By now, you’ve all probably heard of goatscaping
, the act of “hiring” a team of emissions-free, surefooted ruminants-on-a-mission to tackle overgrown lawns and clear away unwanted plant life in nooks, crannies and rough terrain that even the most souped-up weed whacker can’t reach. But goats aren’t the only critters capable of performing a thankless task that allows homeowners to sit back, relax and temporarily retire their arsenal of pollution-spewing gas-powered machines.
The folks at Movoto.com
— the real estate website that previously invited readers to “Romneyize”
their homes — have taken it upon themselves to wrangle up a few other animals
that excel at residential grass-chomping and various forms of lawn maintenance. Unlike goats, however, full-on ownership, not renting, is usually par for the course with many of these animals so you’ll be gaining a full-time barnyard pet as well as a living, breathing lawn mower. Movoto writer Kate Folk also lists the pros and cons of keeping animal landscapers including sheep (docile but will strip the bark off of trees), cows (easy to keep fenced in but too large to keep on most residential properties), chickens (will eat bugs in addition to grass but will dig holes in lawn for “dustbathing”), and even guinea pigs (portable and ideal for small yards but vulnerable to predators). And, yes, goats are included in the mix (excellent weed-whacking abilities but also skilled climbers making them a flight risk).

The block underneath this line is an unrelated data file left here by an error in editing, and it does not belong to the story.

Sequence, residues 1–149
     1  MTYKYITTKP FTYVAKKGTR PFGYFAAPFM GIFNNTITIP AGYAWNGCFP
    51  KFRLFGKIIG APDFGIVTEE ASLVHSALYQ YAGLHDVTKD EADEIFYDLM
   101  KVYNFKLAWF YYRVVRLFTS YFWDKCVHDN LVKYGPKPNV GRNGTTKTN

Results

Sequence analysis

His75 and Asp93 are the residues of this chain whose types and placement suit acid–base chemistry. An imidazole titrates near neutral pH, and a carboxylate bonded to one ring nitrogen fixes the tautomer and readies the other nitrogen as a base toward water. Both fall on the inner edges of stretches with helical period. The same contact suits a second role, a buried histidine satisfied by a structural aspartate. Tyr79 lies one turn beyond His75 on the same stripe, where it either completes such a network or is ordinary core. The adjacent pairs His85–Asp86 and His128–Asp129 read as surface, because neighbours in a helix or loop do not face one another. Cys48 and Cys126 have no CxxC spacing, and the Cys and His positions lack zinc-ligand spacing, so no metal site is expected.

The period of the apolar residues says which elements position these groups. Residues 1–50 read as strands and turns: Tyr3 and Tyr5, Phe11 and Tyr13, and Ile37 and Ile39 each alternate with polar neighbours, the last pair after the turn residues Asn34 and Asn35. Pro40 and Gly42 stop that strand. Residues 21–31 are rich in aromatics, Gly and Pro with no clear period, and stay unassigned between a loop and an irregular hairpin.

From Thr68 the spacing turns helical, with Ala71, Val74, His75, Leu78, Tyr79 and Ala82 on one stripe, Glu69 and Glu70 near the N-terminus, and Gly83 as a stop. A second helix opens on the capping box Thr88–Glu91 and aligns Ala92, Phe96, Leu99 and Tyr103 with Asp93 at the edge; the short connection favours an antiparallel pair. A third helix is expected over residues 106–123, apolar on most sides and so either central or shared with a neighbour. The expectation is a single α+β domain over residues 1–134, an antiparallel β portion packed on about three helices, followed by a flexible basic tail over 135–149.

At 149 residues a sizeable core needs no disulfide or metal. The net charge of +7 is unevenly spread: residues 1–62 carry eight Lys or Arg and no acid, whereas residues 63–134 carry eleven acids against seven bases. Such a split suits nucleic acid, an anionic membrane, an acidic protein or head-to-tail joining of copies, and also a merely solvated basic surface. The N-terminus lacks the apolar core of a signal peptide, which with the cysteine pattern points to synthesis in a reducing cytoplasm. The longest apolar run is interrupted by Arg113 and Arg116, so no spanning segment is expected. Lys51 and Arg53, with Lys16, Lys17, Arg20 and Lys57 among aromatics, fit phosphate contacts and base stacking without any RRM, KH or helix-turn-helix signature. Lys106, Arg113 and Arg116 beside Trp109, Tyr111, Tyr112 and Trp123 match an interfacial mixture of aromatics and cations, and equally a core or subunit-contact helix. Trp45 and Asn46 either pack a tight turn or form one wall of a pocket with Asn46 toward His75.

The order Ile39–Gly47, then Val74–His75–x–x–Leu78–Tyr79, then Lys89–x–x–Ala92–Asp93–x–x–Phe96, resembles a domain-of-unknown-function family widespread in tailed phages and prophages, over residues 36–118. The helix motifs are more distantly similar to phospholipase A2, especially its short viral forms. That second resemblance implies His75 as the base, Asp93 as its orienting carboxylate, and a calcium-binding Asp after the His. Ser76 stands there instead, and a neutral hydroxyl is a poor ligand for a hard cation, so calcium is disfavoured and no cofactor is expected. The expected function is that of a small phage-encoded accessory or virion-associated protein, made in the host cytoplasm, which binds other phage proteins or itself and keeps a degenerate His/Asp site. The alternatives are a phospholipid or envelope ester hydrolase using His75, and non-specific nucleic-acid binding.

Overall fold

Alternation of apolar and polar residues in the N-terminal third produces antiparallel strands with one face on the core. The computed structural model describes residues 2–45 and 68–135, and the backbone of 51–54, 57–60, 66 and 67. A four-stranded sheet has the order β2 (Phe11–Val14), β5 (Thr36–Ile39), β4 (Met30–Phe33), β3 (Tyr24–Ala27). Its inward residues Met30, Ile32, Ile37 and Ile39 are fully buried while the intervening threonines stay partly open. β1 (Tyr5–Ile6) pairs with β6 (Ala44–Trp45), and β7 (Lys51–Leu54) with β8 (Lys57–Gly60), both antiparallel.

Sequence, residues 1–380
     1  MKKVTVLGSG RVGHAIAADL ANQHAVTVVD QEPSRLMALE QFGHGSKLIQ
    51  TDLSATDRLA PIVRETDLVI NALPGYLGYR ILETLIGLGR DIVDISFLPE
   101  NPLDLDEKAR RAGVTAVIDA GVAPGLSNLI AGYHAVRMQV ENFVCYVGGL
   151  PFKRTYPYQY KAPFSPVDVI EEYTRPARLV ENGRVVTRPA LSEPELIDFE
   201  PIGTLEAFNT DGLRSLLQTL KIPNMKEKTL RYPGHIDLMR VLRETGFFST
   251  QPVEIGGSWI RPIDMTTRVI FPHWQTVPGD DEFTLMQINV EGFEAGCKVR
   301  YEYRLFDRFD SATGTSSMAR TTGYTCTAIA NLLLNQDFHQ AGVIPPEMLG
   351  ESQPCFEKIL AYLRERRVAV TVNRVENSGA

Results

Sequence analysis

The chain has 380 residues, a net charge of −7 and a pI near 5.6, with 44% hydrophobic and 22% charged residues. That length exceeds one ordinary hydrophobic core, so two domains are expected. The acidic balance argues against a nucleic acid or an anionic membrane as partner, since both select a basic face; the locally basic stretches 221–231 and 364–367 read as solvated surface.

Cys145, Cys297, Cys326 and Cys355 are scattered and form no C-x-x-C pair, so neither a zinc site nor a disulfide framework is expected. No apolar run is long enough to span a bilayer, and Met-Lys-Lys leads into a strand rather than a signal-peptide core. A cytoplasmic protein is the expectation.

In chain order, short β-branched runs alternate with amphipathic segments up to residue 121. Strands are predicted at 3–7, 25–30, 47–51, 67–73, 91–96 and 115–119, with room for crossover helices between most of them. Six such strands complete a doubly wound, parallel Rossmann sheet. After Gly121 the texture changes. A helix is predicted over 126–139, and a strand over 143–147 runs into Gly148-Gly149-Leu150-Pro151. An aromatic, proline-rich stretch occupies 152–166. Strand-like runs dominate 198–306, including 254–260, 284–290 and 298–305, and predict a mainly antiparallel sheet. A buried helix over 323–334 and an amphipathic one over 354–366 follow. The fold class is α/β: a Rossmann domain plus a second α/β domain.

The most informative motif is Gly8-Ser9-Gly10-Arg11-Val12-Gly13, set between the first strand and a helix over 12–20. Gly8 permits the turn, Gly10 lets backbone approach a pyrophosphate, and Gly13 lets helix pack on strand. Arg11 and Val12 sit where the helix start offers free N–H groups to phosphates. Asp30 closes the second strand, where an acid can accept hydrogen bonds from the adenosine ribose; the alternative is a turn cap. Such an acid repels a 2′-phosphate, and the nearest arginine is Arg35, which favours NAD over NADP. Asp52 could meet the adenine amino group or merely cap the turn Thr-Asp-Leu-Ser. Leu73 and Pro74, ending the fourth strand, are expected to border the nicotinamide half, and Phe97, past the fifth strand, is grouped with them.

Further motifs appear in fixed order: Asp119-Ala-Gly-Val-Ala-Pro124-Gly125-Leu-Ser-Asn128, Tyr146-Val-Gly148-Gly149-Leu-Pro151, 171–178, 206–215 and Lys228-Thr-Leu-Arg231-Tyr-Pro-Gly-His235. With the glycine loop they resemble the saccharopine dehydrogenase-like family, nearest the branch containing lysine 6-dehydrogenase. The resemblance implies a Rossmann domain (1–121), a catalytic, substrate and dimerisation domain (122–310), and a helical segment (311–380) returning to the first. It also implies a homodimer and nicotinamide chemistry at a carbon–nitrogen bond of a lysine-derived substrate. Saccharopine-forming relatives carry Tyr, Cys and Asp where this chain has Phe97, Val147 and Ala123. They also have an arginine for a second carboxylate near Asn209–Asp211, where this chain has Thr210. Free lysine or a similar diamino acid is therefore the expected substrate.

In addition to the article itself there’s also a nifty interactive infographic where you can find out how many animal landscapers would be required to mow your yard in a single day
. First off, select the animal of your choice. I selected sheep because, well, they’re the cutest/dullest/cuddliest of the lot. Next, I plugged in the size of my yard. Since I don’t actually have one, I entered the size of the average American lawn: 8,712 square feet or 1/5 of an acre. Turns out, it would require a whopping 15 sheep to do the deed. That’s a whole lot of sheep, but a paltry number compared to the small army of hungry guinea pigs
(348 guinea pigs, to be exact) that would be needed to complete the task in 24 hours. If I had gone the bovine route, only one cow would be needed to mow the average American yard in a single day.
Scroll down to find out how many goats/sheep/chickens/cows/guinea pigs would be needed to mow your yard. Also, has anyone out there actually used guinea pigs for landscaping purposes? I certainly haven't seen herds of the adorable rodents hanging out in the parking lot of Home Depot lately.